Thursday, 12 June 2014 10:07
Having just watched season one of the cable television series The Americans. in which Russian spies kill our own FBI agents in Washington D.C., I question the wisdom and the “fairness” of the Oyster Bay Town Board’s waiving of parking and beach permit fees for Russian diplomats; while charging American citizen Town of Oyster Bay residents, who live in Hicksville, Plainview, Old Bethpage, Oyster Bay, East Norwich, Syosset, Jericho, Massapequa, Glen Cove, Farmingdale, Woodbury, Locust Valley, Sea Cliff, Bayville, Brookville, Muttontown, Mill Neck, Bethpage, Lattingtown, and other fine, upstanding communities, $60 for annual automobile beach stickers.
I’d like to tell U.N. Russian Mission spokesman Alexey Zaytsev that his fellow Russians are not the only Long Islanders who “love Oyster Bay’s beaches and the open water waters and high-wave beach at Tobay,” and I’d also like to tell Town of Oyster Bay spokeswoman Marta Kane that if “it’s one of those things we’ve done for decades as a sign of goodwill” to Russians, our Town should show the same goodwill to its own hard-working, tax-paying employees and residents. Town Supervisor John Venditto should either “Make Putin Pay” or else have to deal with seeing all of us defect to Russia where I’m sure the local Moscow government will be happy to let us swim for free inside its Luzhniki Stadium complex, which hosted the U.S.-boycotted 1980 Olympics.
Saturday, 18 October 2014 00:00
A group of like-minded local residents banded together and saved more than 200 area trees from the chopping block — for now.
A state judge ordered Nassau County and the Department of Public Works to stop cutting down trees along South Oyster Bay Road, granting a temporary restraining order to a group of residents spearheading an effort to save the trees.
State Supreme Court Judge Antonio Brandveen scheduled a hearing on Thursday, Oct. 16 for the county to address complaints from residents, in particular a group called Operation STOMP (Save Trees Over More Pavement) founded by Hicksville native Tanya Lukasik.The Public Works department had planned to removed more than 200 30-foot trees in communities ranging from Plainview, Bethpage, Hicksville and Syosset.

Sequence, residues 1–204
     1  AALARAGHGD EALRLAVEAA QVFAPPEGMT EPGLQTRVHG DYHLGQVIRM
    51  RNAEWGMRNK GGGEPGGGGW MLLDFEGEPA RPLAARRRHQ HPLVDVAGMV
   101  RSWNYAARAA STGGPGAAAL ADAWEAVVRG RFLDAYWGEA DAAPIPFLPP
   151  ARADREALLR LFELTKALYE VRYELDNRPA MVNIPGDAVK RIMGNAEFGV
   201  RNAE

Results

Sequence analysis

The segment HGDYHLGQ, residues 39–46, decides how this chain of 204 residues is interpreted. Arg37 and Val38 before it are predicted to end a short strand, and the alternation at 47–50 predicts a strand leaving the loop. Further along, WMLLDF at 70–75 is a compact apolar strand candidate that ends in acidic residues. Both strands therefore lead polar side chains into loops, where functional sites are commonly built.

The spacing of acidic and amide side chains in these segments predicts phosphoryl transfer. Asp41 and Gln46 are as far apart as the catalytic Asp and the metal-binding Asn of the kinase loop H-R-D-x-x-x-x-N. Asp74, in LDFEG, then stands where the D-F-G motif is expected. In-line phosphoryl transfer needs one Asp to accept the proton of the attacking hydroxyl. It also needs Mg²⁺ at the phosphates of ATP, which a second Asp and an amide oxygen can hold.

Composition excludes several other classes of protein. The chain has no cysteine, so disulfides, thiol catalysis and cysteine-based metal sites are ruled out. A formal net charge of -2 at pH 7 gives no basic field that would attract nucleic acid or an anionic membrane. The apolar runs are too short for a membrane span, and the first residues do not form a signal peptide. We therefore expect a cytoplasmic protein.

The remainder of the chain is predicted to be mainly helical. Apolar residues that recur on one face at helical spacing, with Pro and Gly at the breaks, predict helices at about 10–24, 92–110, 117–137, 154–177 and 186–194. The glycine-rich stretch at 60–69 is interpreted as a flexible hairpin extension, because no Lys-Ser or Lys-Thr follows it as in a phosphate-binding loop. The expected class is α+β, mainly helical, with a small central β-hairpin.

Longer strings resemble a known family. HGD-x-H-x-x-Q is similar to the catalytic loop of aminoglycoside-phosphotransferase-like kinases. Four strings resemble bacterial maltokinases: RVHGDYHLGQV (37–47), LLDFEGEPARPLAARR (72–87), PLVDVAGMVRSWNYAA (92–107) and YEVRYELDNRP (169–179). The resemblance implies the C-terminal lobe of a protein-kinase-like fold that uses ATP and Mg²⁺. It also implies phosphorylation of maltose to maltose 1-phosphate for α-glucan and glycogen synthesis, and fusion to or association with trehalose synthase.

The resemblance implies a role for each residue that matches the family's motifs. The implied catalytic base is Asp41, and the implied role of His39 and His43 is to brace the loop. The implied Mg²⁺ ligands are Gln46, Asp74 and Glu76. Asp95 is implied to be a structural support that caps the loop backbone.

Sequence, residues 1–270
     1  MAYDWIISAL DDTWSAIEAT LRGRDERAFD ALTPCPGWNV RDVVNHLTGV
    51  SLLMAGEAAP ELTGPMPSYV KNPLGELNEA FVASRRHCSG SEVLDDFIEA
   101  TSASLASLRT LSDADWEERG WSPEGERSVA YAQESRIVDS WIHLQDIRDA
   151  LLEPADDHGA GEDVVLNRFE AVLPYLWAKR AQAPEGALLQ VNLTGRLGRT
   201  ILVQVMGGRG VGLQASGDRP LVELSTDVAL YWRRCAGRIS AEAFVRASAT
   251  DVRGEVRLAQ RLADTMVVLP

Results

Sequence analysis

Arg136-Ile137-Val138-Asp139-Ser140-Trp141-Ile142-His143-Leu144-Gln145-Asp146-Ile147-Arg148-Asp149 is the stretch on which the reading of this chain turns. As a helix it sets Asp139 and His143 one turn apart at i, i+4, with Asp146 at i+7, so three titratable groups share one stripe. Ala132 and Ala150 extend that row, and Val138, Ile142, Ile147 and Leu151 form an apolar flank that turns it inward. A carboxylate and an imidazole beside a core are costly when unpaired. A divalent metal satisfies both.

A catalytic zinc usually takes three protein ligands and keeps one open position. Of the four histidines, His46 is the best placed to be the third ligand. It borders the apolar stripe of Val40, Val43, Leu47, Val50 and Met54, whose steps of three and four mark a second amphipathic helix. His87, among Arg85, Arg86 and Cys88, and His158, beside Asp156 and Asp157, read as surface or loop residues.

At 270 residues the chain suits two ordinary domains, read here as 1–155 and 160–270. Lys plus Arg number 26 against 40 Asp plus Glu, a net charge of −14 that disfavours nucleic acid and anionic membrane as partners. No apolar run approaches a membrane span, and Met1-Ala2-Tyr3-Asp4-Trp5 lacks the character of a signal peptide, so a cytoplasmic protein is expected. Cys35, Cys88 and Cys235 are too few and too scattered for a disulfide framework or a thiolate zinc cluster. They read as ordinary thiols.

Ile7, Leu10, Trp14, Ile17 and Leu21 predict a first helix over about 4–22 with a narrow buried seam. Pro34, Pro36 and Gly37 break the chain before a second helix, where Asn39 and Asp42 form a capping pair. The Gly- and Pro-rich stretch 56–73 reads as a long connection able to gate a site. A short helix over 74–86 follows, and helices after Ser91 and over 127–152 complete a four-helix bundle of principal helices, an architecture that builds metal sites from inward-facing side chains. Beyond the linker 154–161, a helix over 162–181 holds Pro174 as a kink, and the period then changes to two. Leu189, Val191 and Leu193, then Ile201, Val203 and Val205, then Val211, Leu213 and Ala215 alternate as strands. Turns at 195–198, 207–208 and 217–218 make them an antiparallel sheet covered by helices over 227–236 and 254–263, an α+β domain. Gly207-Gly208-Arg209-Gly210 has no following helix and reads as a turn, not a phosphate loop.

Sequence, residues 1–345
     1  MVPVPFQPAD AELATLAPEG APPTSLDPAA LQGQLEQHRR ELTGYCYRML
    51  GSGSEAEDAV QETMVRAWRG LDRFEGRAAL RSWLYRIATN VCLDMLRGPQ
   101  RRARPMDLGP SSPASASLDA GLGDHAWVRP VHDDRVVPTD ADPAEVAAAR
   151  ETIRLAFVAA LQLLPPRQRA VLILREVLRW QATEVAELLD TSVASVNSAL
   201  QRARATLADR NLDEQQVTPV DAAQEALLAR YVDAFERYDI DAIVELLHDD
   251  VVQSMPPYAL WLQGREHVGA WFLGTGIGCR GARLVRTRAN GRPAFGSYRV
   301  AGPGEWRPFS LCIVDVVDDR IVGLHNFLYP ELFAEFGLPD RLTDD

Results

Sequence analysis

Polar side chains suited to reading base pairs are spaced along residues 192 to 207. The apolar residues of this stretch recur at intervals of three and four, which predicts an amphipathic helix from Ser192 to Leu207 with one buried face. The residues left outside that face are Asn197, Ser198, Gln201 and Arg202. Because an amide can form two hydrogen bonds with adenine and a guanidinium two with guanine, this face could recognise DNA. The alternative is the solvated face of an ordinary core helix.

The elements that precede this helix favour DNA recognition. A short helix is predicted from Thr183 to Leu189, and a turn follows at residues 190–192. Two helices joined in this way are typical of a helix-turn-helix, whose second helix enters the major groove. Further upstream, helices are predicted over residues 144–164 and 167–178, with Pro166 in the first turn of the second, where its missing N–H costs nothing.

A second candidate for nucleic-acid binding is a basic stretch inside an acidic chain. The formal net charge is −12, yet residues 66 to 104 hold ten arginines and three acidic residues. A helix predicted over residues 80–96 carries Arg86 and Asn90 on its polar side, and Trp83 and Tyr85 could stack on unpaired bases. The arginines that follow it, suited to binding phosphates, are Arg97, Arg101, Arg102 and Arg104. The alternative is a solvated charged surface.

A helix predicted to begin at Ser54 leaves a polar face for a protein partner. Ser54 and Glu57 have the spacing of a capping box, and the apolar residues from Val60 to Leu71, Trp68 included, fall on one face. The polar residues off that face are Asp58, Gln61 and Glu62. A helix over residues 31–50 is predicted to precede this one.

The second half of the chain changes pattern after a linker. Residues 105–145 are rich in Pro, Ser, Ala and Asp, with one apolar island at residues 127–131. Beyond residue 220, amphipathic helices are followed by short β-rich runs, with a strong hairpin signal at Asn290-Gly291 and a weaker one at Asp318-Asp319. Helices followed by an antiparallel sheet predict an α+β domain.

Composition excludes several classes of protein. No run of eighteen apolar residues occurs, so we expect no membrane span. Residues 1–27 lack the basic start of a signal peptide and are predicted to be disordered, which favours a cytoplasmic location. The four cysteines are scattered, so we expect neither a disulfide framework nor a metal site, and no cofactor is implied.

Friday, 17 October 2014 00:00
For the past 16 years, Lucia Simon has walked from her home in Hicksville to her job at the Hicksville Public Library. She enjoys her job as a librarian and says that the staff has become like family to her. But for the past three years, Simon and 56 fellow co-workers have been frustrated at what she says is the library’s board refusal to negotiate a fair contract.
“We have had no contract in three years. They refuse to bargain with us. Every time they come back to us it’s not fair,” says Simon.
However, the board of trustees disagree, saying that it has made a “fair offer.”
Thursday, 16 October 2014 08:31
The Girls Varsity soccer team, in honor of Breast Cancer Awareness Month, wore pink uniforms and pink socks in their game on Oct. 8 against MacArthur whom they defeated 1-0. The girls and boys soccer programs at Hicksville High School are selling pink ribbon car magnets with a soccer ball and HHS on it with the words “Kick Cancer” on the ribbon. All the money raised will go to the Sarah Grace Foundation, which is a local foundation trying to beat pediatric cancer. The players plan to raise $1,000 for this organization
— From Hicksville High School
Thursday, 09 October 2014 08:47
The Mets minor league system is enjoying a rare period of prosperity. For years, it was barren due to trading off high-ceiling players for major leaguers, or neglecting the draft in favor of the free agent market. Since General Manager Sandy Alderson took over, the organization has reversed course and put a much greater emphasis on player development. During his second-to-last season, however, former GM Omar Minaya took a chance and drafted a local catcher, Cam Maron, out of Hicksville High School in the 34th round.